Achs has also argued that the agreement between Smith and Achs is unenforceable. Achs claims that an attorney-client relationship existed between Smith and Achs prior to the execution of the contingent fee agreement and, therefore, the agreement is presumptively unenforceable. Achs claims that petitioners did not rebut this presumption. While the record contains affidavits bearing upon the circumstances surrounding the execution of the agreement, we find nothing in the record before us that suggests that the issue as now argued was ever raised in or ruled upon by the trial court. Questions not raised at trial are deemed waived and may not be raised for the first time on appeal. Western Casualty & Surety Co. v. Brochu (1985), 105 Ill. 2d 486, 500, 475 N.E.2d 872.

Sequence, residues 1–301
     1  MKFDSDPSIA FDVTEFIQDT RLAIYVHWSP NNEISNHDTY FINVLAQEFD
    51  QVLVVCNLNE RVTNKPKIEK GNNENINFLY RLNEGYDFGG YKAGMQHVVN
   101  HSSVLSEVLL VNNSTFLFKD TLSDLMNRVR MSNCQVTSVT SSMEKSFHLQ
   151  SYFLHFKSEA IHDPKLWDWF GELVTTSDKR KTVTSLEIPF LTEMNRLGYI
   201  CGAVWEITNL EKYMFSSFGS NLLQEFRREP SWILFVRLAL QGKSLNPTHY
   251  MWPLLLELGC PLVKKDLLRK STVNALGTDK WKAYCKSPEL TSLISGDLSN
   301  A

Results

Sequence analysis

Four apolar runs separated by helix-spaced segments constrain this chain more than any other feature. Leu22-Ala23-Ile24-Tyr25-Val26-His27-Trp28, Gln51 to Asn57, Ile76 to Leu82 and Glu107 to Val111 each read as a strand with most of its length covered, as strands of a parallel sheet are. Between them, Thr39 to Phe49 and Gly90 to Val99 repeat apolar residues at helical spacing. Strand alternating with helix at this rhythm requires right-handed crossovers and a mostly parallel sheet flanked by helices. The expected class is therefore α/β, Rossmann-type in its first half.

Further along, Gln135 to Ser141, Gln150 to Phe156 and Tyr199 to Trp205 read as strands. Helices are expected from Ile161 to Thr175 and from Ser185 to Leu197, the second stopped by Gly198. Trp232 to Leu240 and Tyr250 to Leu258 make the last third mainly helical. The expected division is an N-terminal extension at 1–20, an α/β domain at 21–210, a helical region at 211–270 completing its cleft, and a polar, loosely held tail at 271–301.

As we conclude that the trial court correctly found an equitable lien for petitioners' fees, we need not determine further whether petitioners established a valid statutory lien for fees.

We consider next whether any equitable lien extends to petitioners' costs. The agreement states, in part, in section 3 that "CLIENT further agrees to reimburse ATTORNEY for any and all necessary costs and expenses incurred . . .. CLIENT shall reimburse ATTORNEY for said costs and expenses on a monthly basis unless otherwise agreed in writing." This provision clearly creates a personal obligation on the part of Achs to reimburse petitioners for expenses incurred as is required by Rule 5 -- 103 of the Code of Professional Responsibility (Code) (107 Ill. 2d R. 5 -- 103), which provides that a client must remain ultimately liable for expenses. The provision does not provide that expenses were to be reimbursed from the fund recovered. Moreover, such an interpretation would be inconsistent with the agreement that expenses were to be reimbursed on a monthly basis.